After weighing the competing appraisals, the Indiana Board found the one submitted by Kohl's more probative than the one submitted by the Assessor because it better reflected the meaning of market value-in-use as stated in Indiana's assessment manual and as consistently interpreted in Tax Court jurisprudence. (See Cert. Admin. R. at 55-56 ¶ 1, 91-92 ¶¶ 117-19, 107 ¶ 160.) Indeed, the Indiana Board explained that pursuant to Tax Court case law, "where a non-special purpose property is put to its highest and best use and is of a type that regularly exchanges for the same general use, the property's [market value-in-use] will equal its market value." (Cert. Admin. R. at 94 ¶ 124 (citing Meijer Stores Ltd. P'ship v. Smith, 926 N.E.2d 1134 (Ind. Tax Ct.2010); Stinson v. Trimas Fasteners, Inc., 923 N.E.2d 496 (Ind. Tax Ct.2010); Millennium Real Estate Inv., LLC v. Assessor, Benton Cnty., 979 N.E.2d 192 (Ind. Tax Ct.2012), review denied).) After reviewing the evidence presented, the Indiana Board found that because the Assessor 1) acknowledged that properties like the subject property frequently trade in the market for a general retail use, 2) indicated that the subject property's current use was its highest and best use, and 3) failed to demonstrate that the subject property was in fact a special purpose property, the Kohl's appraisal better reflected the subject property's market value-in-use. (See Cert. Admin. R. at 83 ¶ 93, 94-97 ¶¶ 124, 126-31.) (See also Cert. Admin. R. at 97 ¶ 132 (explaining that the Assessor's appraisal measured the value of a property that was better than, and not similar to, the subject property because it included the costs to adapt the dark box to meet the specific business model of Kohl's).) Accordingly, the Indiana Board reduced the subject property's 2010 assessment to $3,690,000; the 2011 assessment to $3,820,000; and 2012 assessment to $3,680,000.

The Assessor initiated this original tax appeal on February 13, 2015. The Court heard the parties' oral arguments on January 15, 2016. Additional facts will be supplied as necessary.


The party seeking to overturn an Indiana Board final determination bears the burden of demonstrating its invalidity. Osolo Tow. Assessor v. Elkhart Maple Lane Assocs., 789 N.E.2d 109, 111 (Ind. Tax Ct.2003). Accordingly, the Assessor must demonstrate to the Court that the Indiana Board's final determination in this matter is arbitrary, capricious, an abuse of discretion, or otherwise not in accordance with law; contrary to constitutional right, power, privilege, or immunity; in excess of or short of statutory jurisdiction, authority, or limitations; without observance of procedure required by law; or unsupported by substantial or reliable evidence. See IND.CODE § 33-26-6-6(e)(1)-(5) (2016).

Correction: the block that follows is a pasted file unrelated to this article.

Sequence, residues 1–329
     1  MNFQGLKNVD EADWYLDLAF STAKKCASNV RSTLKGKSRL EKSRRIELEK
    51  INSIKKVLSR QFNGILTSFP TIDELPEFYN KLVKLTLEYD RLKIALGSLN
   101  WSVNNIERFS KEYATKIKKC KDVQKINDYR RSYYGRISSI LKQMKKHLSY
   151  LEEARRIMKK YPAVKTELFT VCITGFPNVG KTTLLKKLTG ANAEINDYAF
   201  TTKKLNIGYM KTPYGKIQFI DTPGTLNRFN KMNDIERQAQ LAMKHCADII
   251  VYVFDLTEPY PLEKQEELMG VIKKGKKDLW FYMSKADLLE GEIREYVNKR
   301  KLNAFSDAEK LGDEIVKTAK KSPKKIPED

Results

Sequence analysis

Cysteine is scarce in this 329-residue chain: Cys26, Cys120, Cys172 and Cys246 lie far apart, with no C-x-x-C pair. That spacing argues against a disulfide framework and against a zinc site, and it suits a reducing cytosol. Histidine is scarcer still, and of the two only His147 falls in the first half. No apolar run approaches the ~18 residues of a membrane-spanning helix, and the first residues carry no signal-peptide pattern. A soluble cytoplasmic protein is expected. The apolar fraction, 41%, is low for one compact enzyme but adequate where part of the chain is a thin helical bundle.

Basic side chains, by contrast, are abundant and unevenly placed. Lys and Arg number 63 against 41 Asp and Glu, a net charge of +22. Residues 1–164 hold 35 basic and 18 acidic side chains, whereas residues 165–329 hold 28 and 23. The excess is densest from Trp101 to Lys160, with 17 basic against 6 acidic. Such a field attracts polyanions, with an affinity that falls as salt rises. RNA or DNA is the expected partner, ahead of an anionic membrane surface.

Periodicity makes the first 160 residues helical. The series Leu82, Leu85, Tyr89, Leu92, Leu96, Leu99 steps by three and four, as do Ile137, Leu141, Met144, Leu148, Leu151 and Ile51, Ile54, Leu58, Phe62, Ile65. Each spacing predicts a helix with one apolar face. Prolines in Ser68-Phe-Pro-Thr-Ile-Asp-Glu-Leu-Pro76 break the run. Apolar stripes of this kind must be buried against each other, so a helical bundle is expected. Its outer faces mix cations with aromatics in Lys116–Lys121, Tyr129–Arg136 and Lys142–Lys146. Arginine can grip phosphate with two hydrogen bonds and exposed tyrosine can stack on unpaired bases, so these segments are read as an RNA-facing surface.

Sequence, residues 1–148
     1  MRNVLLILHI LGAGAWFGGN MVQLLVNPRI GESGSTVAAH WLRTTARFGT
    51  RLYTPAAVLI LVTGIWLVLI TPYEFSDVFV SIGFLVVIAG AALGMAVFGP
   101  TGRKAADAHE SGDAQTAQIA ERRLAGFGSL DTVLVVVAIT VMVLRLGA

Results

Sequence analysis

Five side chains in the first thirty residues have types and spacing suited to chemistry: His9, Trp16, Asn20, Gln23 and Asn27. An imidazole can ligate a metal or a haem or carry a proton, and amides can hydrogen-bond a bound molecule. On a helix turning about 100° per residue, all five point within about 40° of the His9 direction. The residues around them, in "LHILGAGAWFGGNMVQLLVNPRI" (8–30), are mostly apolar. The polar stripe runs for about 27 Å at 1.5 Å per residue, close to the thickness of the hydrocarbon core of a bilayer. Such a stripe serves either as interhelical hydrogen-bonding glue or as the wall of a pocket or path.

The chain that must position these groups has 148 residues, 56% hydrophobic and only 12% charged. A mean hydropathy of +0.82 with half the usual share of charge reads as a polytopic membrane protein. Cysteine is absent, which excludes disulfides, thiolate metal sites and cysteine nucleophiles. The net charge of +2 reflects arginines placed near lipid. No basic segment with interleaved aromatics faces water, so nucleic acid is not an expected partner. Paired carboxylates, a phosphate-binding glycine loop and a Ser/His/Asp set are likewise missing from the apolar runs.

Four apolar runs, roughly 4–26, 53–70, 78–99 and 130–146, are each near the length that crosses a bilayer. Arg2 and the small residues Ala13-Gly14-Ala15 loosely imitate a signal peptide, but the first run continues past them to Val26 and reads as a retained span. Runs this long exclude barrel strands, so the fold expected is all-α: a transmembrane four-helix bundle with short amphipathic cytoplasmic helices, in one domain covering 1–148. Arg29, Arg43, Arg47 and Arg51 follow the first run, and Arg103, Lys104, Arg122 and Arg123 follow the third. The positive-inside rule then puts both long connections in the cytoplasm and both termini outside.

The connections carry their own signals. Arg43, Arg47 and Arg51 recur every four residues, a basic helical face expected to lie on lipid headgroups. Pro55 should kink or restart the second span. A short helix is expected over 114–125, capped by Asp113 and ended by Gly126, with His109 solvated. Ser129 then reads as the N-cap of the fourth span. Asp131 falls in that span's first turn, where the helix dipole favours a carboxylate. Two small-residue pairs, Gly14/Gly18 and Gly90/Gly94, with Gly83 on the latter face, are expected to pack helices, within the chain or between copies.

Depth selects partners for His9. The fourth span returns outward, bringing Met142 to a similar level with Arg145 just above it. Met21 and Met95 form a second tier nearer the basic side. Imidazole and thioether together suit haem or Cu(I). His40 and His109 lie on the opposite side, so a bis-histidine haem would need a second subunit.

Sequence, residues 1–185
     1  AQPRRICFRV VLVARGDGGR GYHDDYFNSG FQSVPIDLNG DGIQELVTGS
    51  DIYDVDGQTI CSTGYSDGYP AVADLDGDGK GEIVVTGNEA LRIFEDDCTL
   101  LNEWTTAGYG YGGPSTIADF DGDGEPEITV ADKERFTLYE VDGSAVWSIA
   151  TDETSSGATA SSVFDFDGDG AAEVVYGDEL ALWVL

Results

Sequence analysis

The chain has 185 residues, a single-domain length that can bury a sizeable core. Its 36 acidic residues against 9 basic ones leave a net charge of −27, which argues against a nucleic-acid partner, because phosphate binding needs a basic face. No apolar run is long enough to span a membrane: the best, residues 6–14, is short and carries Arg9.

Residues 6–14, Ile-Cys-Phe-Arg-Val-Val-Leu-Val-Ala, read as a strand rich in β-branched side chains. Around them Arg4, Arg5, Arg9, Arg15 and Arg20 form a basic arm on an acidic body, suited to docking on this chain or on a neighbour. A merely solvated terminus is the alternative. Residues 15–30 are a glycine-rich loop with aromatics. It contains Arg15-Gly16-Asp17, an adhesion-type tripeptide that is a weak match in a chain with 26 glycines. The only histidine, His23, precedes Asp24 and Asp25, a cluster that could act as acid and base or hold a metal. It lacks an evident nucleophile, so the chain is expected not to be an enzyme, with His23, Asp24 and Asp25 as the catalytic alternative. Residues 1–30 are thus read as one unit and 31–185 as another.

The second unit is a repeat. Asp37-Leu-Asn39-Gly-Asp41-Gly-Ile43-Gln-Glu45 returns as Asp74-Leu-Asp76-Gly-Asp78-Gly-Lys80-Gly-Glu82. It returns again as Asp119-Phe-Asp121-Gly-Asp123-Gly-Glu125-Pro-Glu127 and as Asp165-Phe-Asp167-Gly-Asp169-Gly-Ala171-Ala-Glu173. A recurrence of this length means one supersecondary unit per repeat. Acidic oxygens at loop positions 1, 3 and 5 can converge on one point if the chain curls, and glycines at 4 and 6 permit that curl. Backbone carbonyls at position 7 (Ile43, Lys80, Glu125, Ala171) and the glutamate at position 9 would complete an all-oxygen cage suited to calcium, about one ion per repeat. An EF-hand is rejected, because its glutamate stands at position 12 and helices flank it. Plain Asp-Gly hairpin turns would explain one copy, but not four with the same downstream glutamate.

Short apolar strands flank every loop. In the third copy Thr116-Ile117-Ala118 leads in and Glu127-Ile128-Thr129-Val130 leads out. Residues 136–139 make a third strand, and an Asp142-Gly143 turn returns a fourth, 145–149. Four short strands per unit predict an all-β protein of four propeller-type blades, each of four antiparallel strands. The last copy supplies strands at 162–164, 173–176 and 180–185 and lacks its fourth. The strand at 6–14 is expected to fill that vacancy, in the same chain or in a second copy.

Indiana's Constitution does not require a system of property assessment and taxation based exclusively on market value. Boehm v. Town of St. John, 675 N.E.2d 318, 328 (Ind.1996). And, while the Legislature has provided that Indiana assesses and taxes property on the basis of its "true tax value" and that "true tax value does not mean fair market value[,]" it has left it to the Department of Local Government Finance (DLGF) to determine what "true tax value" should mean. See IND.CODE § 6-1.1-31-6(c) (2016).

The DLGF has promulgated regulations stating that a property's true tax value is its "market value-in-use." 2002 REAL PROPERTY ASSESSMENT MANUAL (2004 Reprint) ("2002 Manual") (incorporated by reference at 50 IND. ADMIN. CODE 2.3-1-2 (2002 Supp.)) at 2; 2011 REAL PROPERTY ASSESSMENT MANUAL ("2011 Manual") (incorporated by reference at 50 IND. ADMIN. CODE 2.4-1-2 (2011) (see at 2. Market value-in-use, in turn, is defined as the value "of a property for its current use, as reflected by the utility received by the owner or a similar user, from the property." 2002 Manual at 2. Accord 2011 Manual at 2. Because Indiana's property tax system taxes the value of real property — and not business value, investment value, or the value of contractual rights — this Court has explained that "market value-in-use, as determined by objectively verifiable market data, is the value of a property for its use, not the value of its use." Trimas Fasteners, 923 N.E.2d at 501 (citation omitted). See also IND.CODE § 6-1.1-1-15 (2016) (stating what constitutes "real property" for purposes of assessment).

Most of the time, a property's market value-in-use will be equivalent to its market value; nonetheless, there are certain instances where a property's market value-in-use will not be equal to its market value.4 See 2002 Manual at 2-4; 2011 Manual at 2. More specifically, "when a property's current use is consistent with its highest and best use[ ] and there are regular exchanges within its market so that ask and offer prices converge, a property's market value-in-use will equal its market value because the sales price fully captures the property's utility." Millennium, 979 N.E.2d at 196 (citing 2002 Manual at 2). See also 2011 Manual at 2. "[W]hen[, however,] a property's current use is inconsistent with its highest and best use, then market value-in-use will not equal market value because the sales price will not reflect the property's utility." Millennium, 979 N.E.2d at 196 (citing 2002 Manual at 2). See also 2011 Manual at 2. The DLGF has explained that the latter occurs with respect to 1) properties "where owners are motivated by non-market factors such as the maintenance of a farming lifestyle even in the face of a higher use value for some other purpose" or 2) special purpose properties.5 2002 Manual at 2-4; 2011 Manual at 2.